British scientists plan mission to Mars, again

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The Independent Online

Scientists behind the Beagle 2 mission to Mars unveiled designs yesterday for a successor to the British spacecraft.

Scientists behind the Beagle 2 mission to Mars unveiled designs yesterday for a successor to the British spacecraft.

Plans for the so-called Beagle 3 came to light as scientists outlined their aims to establish a new robotic lab on the red planet. They propose that two landing spacecraft be launched from an orbiter in 2009 as part of Europe's Aurora programme of space exploration.

Professor Colin Pillinger, the lead scientist on last year's venture, said he was planning to make a presentation to the European Space Agency (ESA), which had not solicited the proposals. "This is us putting our cap in the ring," he said.

The new design was unveiled a day after a report into the financial loss surrounding Beagle 2 criticised the Government for failing to commit funding at the start and for not monitoring its progress.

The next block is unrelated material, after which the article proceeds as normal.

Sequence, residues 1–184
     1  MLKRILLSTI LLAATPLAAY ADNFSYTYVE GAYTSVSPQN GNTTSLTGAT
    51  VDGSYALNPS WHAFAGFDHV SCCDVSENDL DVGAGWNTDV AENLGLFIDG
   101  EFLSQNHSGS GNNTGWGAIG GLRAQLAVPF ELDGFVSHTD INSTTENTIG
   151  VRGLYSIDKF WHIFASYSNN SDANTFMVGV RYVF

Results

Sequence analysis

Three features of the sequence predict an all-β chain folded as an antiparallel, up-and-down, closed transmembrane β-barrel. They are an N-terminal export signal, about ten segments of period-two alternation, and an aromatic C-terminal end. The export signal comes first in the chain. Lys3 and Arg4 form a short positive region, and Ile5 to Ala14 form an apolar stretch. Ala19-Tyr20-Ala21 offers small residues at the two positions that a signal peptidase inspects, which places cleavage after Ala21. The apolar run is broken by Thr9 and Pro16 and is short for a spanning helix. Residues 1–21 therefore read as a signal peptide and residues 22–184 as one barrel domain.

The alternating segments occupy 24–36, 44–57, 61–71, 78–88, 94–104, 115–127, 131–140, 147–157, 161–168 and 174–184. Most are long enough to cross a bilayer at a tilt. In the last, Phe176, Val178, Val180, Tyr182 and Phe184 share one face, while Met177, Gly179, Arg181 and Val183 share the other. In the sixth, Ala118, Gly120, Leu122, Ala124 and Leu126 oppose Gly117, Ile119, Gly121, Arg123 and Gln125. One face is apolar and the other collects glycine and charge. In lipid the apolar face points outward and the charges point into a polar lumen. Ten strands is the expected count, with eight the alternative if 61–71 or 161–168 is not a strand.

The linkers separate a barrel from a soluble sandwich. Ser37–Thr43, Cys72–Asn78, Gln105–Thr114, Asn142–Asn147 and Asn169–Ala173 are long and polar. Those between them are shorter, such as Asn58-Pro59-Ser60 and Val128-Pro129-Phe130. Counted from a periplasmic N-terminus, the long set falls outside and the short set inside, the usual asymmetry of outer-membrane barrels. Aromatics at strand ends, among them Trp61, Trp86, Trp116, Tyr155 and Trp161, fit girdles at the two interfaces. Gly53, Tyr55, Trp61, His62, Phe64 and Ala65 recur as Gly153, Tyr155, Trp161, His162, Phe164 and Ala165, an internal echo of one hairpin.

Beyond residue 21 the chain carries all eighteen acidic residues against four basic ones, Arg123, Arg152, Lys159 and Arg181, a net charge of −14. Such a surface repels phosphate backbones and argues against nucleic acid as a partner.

Beagle 2 was designed to search for signs of life on Mars using sophisticated instruments. But the lander failed to make contact after it was scheduled to touch down on Christmas Day. British taxpayers contributed about £25m to the mission, which cost £42.5m.

Yesterday, however, scientists remained optimistic about Beagle 2's successor. The aim of the new mission is to demonstrate the ability to land on Mars before sending a robotic rover as part of ESA's ExoMars project.

Scientists have enforced a number of key changes in the design of the craft.

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